Segregated highway opens in West Bank

Israel inaugurated a new highway in the occupied West Bank on Thursday that features a large concrete wall segregating Israeli and Palestinian traffic.

One side of Route 4370 — northeast of Jerusalem — will be open to Israeli vehicles only, while the other half will be open only to Palestinian traffic. Critics have branded it an “apartheid” highway, saying it is part of a segregated road system that benefits Jewish settlers.

Israeli Public Security Minister Gilad Erdan called the highway “an example of the ability to create coexistence between Israelis and Palestinians while guarding [against] the existing security challenges.”

The Palestinian Authority said the “apartheid” road “poses a challenge to the credibility of the international community.”

In a separate development Thursday, an Israeli court sentenced a Palestinian man to 18 years in prison for fatally stabbing a British student in Jerusalem.

The court accepted a plea bargain in sentencing Jamil Tamimi, 60. He killed Hannah Bladon, 20, on the Jerusalem light rail in April 2017. His defense said he suffered from mental illness.

— Associated Press

Tehran says it will send two satellites into orbit

Iran will put two satellites into orbit in the coming weeks using domestically made missiles, President Hassan Rouhani said Thursday, a week after Washington warned it not to pursue three planned space rocket launches.

Secretary of State Mike Pompeo had warned Tehran against launches that he said would violate a U.N. Security Council resolution because they use ballistic missile technology. The United States is concerned that the long-range ballistic technology used to put satellites into orbit can also be used to launch warheads.

Iran has said its space vehicle launches and missile tests were not violations and would continue.

“In the coming weeks, we will put two satellites into space using our Iran-made missiles,” Rouhani said, state TV reported.

Under the Security Council resolution enshrining Iran’s 2015 nuclear deal with world powers — which Washington pulled out of in May — the country is “called upon” to refrain from work for up to eight years on ballistic missiles designed to deliver nuclear weapons.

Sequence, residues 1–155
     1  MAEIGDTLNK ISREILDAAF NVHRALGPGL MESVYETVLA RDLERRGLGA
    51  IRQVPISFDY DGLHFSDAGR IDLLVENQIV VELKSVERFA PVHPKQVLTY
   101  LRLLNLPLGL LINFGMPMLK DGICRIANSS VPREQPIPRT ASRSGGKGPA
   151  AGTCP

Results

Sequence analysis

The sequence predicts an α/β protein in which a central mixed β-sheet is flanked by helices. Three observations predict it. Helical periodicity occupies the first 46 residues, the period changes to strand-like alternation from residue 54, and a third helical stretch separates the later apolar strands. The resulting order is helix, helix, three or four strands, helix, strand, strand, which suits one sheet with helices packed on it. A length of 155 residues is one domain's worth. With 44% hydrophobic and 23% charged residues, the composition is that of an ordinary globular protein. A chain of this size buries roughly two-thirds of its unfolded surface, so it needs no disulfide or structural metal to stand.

Tehran and Washington have been at loggerheads since the U.S. pullout, followed by President Trump reimposing sanctions.

— Reuters

Healthy baby born to Ebola survivor

A 4-day-old baby is a surprise bright spot in Congo’s deadly Ebola outbreak, with the Health Ministry on Thursday calling her the first child in this outbreak born to a mother who has recovered from the virus.

“Baby Sylvana” is healthy and does not have Ebola, the ministry said. It tweeted a photo.

Baby Sylvana was born Sunday at an Ebola treatment center in Beni, a city where rebel attacks have threatened health workers’ attempts to contain the outbreak.

The outbreak has become the second deadliest in history, with 628 cases, 580 confirmed. There have been 335 confirmed deaths.

— Associated Press

21 bodies found in Mexico: Authorities said 21 bodies, some burned, have been found in the northern Mexican border state of Tamaulipas after what appears to have been a clash between drug gangs. The bodies were found near seven burned-out vehicles near the border town of Miguel Aleman. Tamaulipas has been a major conduit for drug shipments and the scene of some of the worst massacres in Mexico's drug war.

Powder-filled letters sent to universities in Greece: At least nine people received medical attention after about a dozen letters containing a white powder described as consisting of "industrial irritants" were sent to 11 university and college offices in Greece, officials said. None of the people displayed any symptoms caused by poisonous chemicals, officials said, but several reported mild breathing problems. Several of the letters appeared to have been sent from India, officials said. Police did not comment on reports by state-run television that printed material found in the letters included "Islamic content."

— From news services